Celebrating 30 Years of Spartacus, Portland's Beloved Adult Store

It's dirty 30 for the West Burnside institution.

By Eden Dawn August 14, 2017 Published in the September 2017 issue of Portland Monthly

An Old Portland rite of passage as important as those first moments gazing upon the 24-Hour Church of Elvis, or carting an ornate tinfoil dragon full of leftovers home from Montage at 3 a.m.—such is entering the corner doors of West Burnside adult store Spartacus, a wonderland of color, vinyl, and anything goes.

When the store opened in 1987, the street wasn’t exactly chic. “Burnside wasn’t much more than Powell’s, the brewery, and industrial spaces,” says Josh Miller, Spartacus’s current vice president. Today the gritty stretch has evolved into a sanitized launchpad for visitors to the city, lined with hotels and shops—Whole Foods to the boutique-filled Union Way—but Spartacus is still there, its windows proudly flaunting the latest lingerie looks and leather restraints for gawking tourists and busy downtown workers. 

The shop’s retail buyer for lingerie, V Thongrivong, loves the curious ones who wander in. “I know people are very uncomfortable the minute they enter our store, and I wanted to take off that pressure,” she says. “We greet every customer who walks in the door and tell them to ask us any questions, because we have things to share.”

The shop was founded by Al Bedrosian, an Armenian from Lebanon by way of San Francisco, and his style-loving wife, Lynda. The pair felt the BDSM community here was underserved in shopping options (there was no Internet marketplace to fall back on), so the two opened a small retail space on NE Sandy Boulevard, churning out pieces for the kink curious—like Spartacus Leathers wrist restraints and purple floggers—in the store’s basement.

In 1987, the couple closed that shop and opened Spartacus at the now-storied 1,500-square-foot downtown location. They shifted their leather workshop to a full manufacturing space near the airport, to keep up with an international clientele and stockists across the continent, Europe, and even Australia.

0917 style spartacus interior qpsiln

House mannequin Demi (short for Dementia) is famous for being top-heavy and thus a little unsteady, so be cautious when you ogle her outfit.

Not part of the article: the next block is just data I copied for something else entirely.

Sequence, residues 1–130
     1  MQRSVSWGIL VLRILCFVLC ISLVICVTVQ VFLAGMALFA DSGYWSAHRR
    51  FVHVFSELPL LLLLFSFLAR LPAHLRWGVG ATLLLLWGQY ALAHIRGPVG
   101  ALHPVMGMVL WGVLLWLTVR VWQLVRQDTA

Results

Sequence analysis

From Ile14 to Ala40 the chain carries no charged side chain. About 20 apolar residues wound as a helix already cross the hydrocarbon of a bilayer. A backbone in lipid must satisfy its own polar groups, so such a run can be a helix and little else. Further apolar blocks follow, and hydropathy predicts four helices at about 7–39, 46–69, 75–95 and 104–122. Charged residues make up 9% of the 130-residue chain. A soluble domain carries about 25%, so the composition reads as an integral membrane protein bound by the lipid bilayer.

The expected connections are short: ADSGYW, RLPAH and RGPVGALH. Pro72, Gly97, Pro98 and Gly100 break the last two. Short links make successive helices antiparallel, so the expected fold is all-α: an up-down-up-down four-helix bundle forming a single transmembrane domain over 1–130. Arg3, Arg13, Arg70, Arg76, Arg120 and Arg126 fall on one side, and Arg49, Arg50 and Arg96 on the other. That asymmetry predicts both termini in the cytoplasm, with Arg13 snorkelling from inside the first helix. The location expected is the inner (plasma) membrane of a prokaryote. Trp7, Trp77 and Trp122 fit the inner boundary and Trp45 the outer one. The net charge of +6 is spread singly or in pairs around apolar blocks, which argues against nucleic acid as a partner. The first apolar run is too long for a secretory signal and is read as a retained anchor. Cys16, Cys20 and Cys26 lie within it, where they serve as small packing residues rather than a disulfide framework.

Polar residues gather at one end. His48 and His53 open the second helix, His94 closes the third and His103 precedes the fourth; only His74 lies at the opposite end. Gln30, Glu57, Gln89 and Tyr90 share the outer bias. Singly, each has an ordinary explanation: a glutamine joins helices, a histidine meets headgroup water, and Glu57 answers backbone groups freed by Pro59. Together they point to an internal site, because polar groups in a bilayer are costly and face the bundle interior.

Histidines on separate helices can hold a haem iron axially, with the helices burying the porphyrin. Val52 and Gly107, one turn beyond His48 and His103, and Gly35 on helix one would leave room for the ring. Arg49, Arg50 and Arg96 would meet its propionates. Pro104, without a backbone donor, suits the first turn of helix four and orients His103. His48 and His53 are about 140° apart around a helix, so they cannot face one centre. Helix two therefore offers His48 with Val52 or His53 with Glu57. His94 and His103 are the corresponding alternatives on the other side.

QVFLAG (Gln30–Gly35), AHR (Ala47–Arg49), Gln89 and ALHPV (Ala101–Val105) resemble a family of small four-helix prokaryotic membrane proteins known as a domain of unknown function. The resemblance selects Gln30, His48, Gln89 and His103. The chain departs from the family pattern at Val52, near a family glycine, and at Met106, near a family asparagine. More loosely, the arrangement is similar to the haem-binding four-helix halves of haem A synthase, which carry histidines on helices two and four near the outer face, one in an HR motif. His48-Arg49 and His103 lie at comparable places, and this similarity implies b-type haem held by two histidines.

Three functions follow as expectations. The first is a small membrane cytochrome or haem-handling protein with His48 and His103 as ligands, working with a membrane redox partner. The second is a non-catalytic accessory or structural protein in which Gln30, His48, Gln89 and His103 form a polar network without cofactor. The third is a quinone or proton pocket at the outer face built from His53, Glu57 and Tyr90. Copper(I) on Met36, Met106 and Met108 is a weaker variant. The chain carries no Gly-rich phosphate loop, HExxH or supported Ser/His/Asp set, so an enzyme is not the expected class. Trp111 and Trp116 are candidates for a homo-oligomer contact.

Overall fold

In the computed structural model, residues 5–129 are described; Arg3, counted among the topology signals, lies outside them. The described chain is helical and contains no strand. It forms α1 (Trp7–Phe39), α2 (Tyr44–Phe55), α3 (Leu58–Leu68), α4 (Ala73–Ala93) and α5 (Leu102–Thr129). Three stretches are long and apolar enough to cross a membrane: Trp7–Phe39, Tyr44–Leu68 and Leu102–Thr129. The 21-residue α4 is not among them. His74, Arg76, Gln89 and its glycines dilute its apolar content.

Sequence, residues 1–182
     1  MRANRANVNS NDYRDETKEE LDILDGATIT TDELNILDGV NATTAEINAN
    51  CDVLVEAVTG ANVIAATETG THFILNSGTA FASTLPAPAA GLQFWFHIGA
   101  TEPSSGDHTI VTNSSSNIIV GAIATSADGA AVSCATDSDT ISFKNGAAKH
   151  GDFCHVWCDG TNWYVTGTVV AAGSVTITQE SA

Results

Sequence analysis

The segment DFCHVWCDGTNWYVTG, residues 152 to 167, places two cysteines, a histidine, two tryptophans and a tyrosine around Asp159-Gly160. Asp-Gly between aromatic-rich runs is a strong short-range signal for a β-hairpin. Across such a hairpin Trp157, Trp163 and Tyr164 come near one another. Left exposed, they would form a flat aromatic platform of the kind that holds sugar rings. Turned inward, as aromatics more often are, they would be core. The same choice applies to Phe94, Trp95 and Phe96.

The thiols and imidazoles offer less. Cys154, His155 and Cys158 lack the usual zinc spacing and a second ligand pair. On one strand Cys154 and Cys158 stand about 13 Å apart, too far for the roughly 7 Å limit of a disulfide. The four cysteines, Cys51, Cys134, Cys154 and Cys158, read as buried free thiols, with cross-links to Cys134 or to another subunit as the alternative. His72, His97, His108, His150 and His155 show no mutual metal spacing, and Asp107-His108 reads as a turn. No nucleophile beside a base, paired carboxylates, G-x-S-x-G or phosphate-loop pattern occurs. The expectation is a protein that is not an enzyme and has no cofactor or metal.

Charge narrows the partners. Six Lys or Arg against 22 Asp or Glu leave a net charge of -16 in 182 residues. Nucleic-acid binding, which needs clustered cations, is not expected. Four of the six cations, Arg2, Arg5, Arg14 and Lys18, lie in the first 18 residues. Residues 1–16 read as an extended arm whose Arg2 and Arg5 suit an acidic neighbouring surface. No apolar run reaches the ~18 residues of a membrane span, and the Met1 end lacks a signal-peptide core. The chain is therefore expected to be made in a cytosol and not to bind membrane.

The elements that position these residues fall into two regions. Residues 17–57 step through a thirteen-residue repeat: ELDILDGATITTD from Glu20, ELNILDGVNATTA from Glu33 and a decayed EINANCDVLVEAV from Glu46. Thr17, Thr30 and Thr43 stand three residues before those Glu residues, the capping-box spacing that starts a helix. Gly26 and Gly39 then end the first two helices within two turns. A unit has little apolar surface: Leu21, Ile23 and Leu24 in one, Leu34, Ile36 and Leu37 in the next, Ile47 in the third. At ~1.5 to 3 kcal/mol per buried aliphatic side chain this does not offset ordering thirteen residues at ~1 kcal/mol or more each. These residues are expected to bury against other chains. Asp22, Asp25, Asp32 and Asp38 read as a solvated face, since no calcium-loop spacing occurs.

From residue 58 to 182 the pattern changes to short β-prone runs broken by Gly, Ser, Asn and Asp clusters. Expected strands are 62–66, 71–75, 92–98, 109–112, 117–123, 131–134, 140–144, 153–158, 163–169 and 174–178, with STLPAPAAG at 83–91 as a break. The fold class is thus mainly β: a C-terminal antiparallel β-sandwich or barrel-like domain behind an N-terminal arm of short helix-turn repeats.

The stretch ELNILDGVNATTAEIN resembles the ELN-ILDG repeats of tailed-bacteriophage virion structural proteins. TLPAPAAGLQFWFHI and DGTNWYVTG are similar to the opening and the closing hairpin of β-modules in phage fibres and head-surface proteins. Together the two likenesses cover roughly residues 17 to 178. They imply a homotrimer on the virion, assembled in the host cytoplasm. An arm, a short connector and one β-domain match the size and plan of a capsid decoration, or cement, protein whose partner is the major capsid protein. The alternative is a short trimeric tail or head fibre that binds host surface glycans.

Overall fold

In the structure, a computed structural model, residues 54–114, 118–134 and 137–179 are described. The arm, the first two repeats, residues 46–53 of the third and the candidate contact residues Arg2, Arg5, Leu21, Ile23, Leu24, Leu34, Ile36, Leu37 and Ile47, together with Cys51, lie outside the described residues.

Portland not only accepted the new shop; the community embraced it: “Stark Street was a hub of gay nightlife at the time. So not only did they find a great space right downtown ... it came with better access to a strong and loyal customer base,” Miller says. (The Bedrosians sold to friends when they retired in 2010; Al died soon after.)

Today, the shop flourishes as part of local ritual. It’s the spot to grab giant fairy wings for Pride, a lifesaver for dancers and drag queens, an insider destination for fashion designers amping up runway shows with sky-high heels, bachelorette gangs in need of party props, and, obviously, bedroom spice seekers. (Not that you’ll hear any juicy tales. Miller says the shop’s customer-first motto means employees “pride themselves on discretion and privacy.”)

The back room operates as a traditional adult store, with lubes galore, Gun Oil to Sliquid, the Rabbit vibrator made famous on Sex and the City, a proud display of the house leather line alongside a necessary “Please refrain from hitting other customers” sign, and a helpful staff trained to not bat an eye when you ask what goes where.

Meanwhile, the front room (once all ages, it’s now generally 18-and-over, like the back) is all about fashion and shopper transformation. Rainbow heart pasties sit next to gold lamé cat suits. Men’s leather bondage harnesses hang with care beside cute striped briefs and breakaway banana hammocks. A large chunk of inventory is devoted to plus sizes, so everyone can have the option to replicate Britney Spears’s “... Baby One More Time” look. One wall is crammed with what’s reportedly the largest hosiery collection in town. Day-Glo fishnets, those iconic sheer black hose with the sexy seam trailing up the back, white thigh-highs with a perfectly puffed satin bow at the top—they’re all there and more, typically under $20.

“I went in when I was 21 and bought black vinyl pants, a fishnet shirt, and some handcuffs,” remembers Julia Thompson, now an Irvington mother of two. “I only got about a year’s worth out of them before my mom borrowed it all to wear to her ‘book group.’ She never gave it all back.”

Stories like these hint at one reason Spartacus has survived so long. It straddles the line between naughty and safe without pressure. Thongrivong sums it up: “If we get people through these doors, I don’t care if they go home with anything other than some knowledge and some really excellent customer service. If they buy something, fantastic. But for us it’s all it’s about that Portland hospitality.”

Pro tip: The shop’s generous industry discount, 30 percent off any item you can wear onstage for your drag or strip act, is legend.

Pictured above, from left: Spartacus Leathers floggers, $55–57; Jack Adams striped brief, $40; Escanté Collection French Maid lingerie, $43; Dreamgirl teddy, $50; Pleaser rhinestone platform, $220, with Leg Avenue fishnet stockings, $9; Pleaser studded platform, $117; Fever Collection Elise bob pastel wig, $45; Be Wicked marabou robe, $82; Oh La La Cheri lace bra, $33; Spartacus blindfold, $24; Pasteas glitter heart pasties, $13; Bonitaz corset, $38; Gregg Homme leopard-print thong with breakaway clips, $37 (Image: Christopher Dibble)

Filed under
Show Comments